#021 - Conquering self doubt … the writer’s disease!
As the tools that stimulate our imagination, help us write the words and then publish them to the world become easier to find and even easier to work with ... all without leaving the close confines of a bedroom, then, for the beleaguered writer there is not much else that can go wrong ... is there? Of course there is and it's something rarely tackled in all the on-line 'Become a Famous Writer in 60 Days' courses available to the ambitious student with a few hundred dollars to throw in the path of these 'Guru' institutions. The start of it all is of course when you have lost the convincing ambition that first drove you to put pen to paper in the first place and it's called 'Self Doubt'. Self Doubt comes from becoming lost in the process, not being organized and generally being harassed by those around you who are not fully 'on board' with your particular writing ambitions. Read on!
There are many writers, or would be writers out there who are so taken up with their own abilities and therefore fantastic potential, they regularly fail to live up to such expectations. So, in effect, you end up being disappointed with yourself when you see the words staring back at you from the printed page. At this point you should not 'Give Up' ... you should 'Buck Up'... but how should you 'Buck Up?'
Firstly, it's worth remembering no one has time to listen to your problems and those around you will have no inkling you may have caught the self doubt virus. Some good advice would be not to go round moaning and groaning to everyone you meet. They are simply not interested in the fact you will shoot to the top of the best sellers list 'if' you could only solve this one small plot or character issue.
You may need to take on board that you are probably not the centre of anyone's universe except your own. Unless you are famous and your name trips easily from everyone's lips in general conversation, then ... to be frank with you, no one really gives a damn!
You may of course consider yourself, with the growing confidence of ambition, to be the best writer in the world but no one else will think so until you are made rich and famous due to the 'loads of money' earned through your published work. When you reach that point, rest assured, you will be the centre of attention for millions, all in company with the Tax man.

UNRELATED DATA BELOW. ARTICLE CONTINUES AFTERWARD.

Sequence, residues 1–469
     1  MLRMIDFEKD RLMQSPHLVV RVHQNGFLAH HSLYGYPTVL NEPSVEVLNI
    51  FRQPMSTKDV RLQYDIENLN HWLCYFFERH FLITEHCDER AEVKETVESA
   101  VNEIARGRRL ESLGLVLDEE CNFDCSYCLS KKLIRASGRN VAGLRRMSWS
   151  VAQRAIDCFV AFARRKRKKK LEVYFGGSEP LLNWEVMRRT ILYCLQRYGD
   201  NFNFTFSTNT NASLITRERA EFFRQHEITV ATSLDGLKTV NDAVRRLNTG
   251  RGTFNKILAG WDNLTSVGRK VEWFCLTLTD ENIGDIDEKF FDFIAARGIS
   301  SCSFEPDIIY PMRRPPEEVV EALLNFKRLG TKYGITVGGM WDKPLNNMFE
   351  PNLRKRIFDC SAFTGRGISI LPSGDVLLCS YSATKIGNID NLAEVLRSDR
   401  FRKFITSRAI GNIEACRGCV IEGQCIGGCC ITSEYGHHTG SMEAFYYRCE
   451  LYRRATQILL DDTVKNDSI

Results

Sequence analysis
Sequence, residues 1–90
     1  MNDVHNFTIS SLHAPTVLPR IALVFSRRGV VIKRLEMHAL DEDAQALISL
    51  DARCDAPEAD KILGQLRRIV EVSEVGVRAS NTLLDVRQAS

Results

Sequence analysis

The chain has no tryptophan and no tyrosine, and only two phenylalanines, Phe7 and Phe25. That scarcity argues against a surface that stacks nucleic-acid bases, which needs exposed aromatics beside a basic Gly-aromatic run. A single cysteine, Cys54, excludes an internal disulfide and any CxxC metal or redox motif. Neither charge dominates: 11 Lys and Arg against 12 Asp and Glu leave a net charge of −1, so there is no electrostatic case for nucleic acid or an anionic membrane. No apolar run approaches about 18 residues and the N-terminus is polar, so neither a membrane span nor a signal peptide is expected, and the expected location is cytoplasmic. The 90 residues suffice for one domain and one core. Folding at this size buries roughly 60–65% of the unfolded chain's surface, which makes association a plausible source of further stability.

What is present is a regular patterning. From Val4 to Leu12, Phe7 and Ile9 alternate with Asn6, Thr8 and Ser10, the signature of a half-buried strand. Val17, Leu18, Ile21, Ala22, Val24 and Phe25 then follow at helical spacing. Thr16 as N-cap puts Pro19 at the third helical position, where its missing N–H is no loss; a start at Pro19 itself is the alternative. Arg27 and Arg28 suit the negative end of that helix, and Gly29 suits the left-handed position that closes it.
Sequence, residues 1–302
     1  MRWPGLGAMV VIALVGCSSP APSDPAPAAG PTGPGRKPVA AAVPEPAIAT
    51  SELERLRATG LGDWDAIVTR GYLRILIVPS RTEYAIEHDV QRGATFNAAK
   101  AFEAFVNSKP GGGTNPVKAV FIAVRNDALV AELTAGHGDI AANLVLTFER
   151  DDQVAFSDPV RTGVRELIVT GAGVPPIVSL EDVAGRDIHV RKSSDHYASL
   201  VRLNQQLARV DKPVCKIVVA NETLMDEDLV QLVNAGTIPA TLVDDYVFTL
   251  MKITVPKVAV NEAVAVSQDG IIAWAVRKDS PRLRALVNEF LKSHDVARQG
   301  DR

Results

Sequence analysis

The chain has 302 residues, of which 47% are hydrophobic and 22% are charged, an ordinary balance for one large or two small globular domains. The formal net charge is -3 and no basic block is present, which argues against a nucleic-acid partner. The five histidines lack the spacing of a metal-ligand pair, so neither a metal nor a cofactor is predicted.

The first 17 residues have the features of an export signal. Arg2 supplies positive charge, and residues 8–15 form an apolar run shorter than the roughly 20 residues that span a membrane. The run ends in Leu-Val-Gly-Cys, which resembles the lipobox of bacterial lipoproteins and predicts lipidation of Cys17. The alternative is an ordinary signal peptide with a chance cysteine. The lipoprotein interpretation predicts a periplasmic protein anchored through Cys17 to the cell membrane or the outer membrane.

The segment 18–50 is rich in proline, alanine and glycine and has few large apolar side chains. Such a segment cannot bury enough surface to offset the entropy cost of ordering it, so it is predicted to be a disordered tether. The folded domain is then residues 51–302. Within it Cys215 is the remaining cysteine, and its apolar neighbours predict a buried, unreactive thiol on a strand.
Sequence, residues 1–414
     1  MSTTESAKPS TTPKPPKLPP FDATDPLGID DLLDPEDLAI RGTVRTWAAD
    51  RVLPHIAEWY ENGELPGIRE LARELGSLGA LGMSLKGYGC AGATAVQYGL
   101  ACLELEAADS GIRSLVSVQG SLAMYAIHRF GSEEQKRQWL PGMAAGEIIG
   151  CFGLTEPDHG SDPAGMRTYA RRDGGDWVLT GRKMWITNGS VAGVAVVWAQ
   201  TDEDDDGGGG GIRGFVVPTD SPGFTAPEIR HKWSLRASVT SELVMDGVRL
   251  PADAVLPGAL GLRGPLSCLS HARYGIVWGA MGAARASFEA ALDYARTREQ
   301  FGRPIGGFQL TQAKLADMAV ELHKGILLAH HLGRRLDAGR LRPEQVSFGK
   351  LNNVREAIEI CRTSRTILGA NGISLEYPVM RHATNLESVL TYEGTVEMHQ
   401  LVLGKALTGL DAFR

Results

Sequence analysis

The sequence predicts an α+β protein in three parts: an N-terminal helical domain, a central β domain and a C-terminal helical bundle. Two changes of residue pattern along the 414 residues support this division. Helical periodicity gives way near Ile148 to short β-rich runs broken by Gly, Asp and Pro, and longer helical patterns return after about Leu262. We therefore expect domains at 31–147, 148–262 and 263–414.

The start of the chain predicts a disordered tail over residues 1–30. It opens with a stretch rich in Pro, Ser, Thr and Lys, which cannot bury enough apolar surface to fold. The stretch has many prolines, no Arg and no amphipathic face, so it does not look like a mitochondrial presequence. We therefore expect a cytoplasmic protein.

Review your previous work constructively. Tell yourself the truth! Is it good ... or not? If you are serious about writing, you will know. The act of ripping out text is therapeutic, simply because you know the end result will be a positive one.
When you are plagued with self doubt, it's a good idea, when in the company of others, to not make yourself a pain in the backside by constantly going on about your 'new novel' and your 'next new book'. No one wants to know. Take note of the wise words above. Instead of talking endlessly about yourself and your writing when in company, take time out to 'listen' to others around you putting you in the comfortable position of having your next great character created for you and gathering much needed material for your next epic novel. We can tell you from experience that being asked 'what you do?' ... and replying 'I'm a writer!' ... does not float many boats. In fact when you tell them that's what you do, they mostly carry on a conversation, ignoring you, or issue the obligatory ... 'That's nice' ... and then move quietly away. Being a writer is a lonely, highly disciplined business and your best friend and most honest critic has to be you!
Thinking of giving up?
Is 'giving up' the easy route? Well, not really. Even the process of 'giving up' will have its consequences. If you lean toward a tendency to give up when things get a bit tough, then you will never become a recognized fiction author. Simply giving up is not in the DNA of the established writer, and if you wish to get to such a position, then there is no room for negative attitude.
A helping hand.
With or without the mental strength to plow through obstacles to reach your final goal, there is no doubt whatsoever, if you have a mentor to turn to, especially in difficult times, you will stand a much better chance of succeeding and actually finishing your manuscript. If you do not have someone you know who is already an established writer, search the social media and see if you can find a person in your local area already producing work on a regular basis.
Another way of course is to put out a request on Face-Book or Twitter for a mentor. (A dangerous but possible option) Other writers may be happy to mentor you ... or they may not, but from our best knowledge, we have found that many will be happy to pass on their experiences and review your work ... as long as you do not become a pest! Don't forget your local writing circle or club. Whatever you do, make contact with them. You may find just what you're looking for.